A problematic bill

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A problematic bill

The ruling and opposition parties will likely pass an act aimed at banning solicitations and bribes as early as Thursday. The core idea of the so-called Kim Young-ran Act is to overcome the weakness of current laws, which cannot punish the act of receiving a bribe — no matter how large it is — if the prosecution cannot prove that the money was offered in return for a favor. Given the shabby status of the
integrity of our officialdom, the bill must be passed for Korea to move forward.

But this particular bill has many problems. First of all, elected officials, including lawmakers, and political parties and civic groups could evade the law even if they are being corrupt — thanks to an exceptional clause that exempts them from criminal punishment “when a third party offers bribes for the public good.” Kim Young-ran, then-chairwoman of the Anti-corruption and Civil Rights Commission, underscored that our civil servants face a crisis of trust due to a series of corruption scandals. She made it clear that the act targets civil servants like
legislators and government employees who receive pay from the government for their work.

In the run-up to the submission of the act to the National Assembly, however, lawmakers attempted to exclude elected officials from the target group, which constitutes a classic example of protecting self-interest.

Another problem is the inclusion of the faculties of private schools and journalists. No doubt the press is required to have high moral standards. Yet compelling them to be honest with a law is a totally different matter as the media is a private enterprise, not a public one. And journalists need a maximum amount of freedom to satisfy the people’s right to know. Journalistic corruption can be punished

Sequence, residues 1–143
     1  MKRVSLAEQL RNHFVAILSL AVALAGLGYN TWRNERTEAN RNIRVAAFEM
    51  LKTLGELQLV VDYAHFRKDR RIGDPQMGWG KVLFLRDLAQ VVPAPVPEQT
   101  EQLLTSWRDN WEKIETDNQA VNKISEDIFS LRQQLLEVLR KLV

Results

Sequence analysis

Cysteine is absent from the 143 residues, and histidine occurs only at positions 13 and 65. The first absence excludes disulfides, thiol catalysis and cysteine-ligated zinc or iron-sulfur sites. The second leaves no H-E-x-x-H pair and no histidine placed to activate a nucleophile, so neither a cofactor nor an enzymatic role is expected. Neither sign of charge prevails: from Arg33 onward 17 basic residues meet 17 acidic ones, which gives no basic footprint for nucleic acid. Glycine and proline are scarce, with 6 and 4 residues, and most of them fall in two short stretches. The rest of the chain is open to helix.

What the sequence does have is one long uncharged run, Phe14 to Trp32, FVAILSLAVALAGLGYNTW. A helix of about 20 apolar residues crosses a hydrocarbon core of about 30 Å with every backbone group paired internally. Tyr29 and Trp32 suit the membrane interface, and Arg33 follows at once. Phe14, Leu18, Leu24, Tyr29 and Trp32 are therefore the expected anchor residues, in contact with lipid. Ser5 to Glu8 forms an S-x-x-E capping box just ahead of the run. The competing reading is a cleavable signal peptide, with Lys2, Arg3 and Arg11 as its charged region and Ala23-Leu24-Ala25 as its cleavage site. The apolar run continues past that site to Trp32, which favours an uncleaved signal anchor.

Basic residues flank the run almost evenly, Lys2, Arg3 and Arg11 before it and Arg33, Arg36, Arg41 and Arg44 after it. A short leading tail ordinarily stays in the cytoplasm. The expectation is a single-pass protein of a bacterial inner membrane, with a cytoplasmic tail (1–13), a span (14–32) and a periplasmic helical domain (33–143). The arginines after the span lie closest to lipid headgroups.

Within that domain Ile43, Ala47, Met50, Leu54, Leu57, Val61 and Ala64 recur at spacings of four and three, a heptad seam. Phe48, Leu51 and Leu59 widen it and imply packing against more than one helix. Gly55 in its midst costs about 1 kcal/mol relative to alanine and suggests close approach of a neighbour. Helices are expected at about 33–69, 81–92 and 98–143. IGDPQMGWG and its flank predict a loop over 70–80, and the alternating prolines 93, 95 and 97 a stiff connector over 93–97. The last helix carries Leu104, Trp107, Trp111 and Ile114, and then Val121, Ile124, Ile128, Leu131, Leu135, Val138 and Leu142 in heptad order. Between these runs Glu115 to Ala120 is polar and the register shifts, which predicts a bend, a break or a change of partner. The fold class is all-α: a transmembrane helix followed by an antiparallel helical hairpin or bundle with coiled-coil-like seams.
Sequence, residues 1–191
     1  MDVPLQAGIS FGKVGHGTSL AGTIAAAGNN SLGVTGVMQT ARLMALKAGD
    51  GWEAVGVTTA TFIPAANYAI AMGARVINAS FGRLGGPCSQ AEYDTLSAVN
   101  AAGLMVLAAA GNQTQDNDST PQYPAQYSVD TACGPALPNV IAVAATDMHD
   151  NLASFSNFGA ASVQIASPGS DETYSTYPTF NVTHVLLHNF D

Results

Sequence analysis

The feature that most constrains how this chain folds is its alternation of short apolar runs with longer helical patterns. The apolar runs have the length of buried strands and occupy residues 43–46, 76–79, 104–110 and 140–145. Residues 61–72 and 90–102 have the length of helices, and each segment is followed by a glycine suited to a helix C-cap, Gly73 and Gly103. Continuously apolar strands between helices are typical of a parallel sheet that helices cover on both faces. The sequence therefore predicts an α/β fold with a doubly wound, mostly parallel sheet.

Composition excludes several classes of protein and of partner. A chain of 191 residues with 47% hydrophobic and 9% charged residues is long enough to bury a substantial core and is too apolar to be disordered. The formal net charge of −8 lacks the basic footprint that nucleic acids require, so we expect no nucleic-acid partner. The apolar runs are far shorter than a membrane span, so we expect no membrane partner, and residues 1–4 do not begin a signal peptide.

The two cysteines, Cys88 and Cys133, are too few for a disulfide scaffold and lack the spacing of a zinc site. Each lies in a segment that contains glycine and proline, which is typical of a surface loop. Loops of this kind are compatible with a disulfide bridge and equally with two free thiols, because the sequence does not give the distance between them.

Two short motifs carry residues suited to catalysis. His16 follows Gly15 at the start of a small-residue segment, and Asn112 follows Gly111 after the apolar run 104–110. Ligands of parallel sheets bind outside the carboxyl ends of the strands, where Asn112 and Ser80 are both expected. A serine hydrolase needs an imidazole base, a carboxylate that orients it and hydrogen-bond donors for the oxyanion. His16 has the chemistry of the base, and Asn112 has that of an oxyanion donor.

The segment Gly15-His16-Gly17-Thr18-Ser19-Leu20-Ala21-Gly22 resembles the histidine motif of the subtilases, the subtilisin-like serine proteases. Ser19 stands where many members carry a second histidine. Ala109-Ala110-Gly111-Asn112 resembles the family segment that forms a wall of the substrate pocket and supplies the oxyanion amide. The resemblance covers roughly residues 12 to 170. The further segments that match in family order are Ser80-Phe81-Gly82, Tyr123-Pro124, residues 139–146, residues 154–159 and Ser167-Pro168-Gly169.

by their internal codes of ethics and other existing laws. As seen in a public hearing by the Legislation and Judiciary Committee of the Assembly, the inclusion of journalists could lead to a severe suppression of the freedom of speech by state authorities.

There’s another problem, too. If the act is passed by the legislature, it will most likely face a constitutional challenge. If the law is ruled constitutional by the Constitutional Court, political circles and officialdom will be as happy as anybody else, and if the law is ruled unconstitutional, they would be glad because it will be easier to control the press — a nothing-to-lose game.

Both parties must rethink the bill. They have to change the target group by removing any unconstitutional element from the act and redraft it to target civil servants alone as originally intended.



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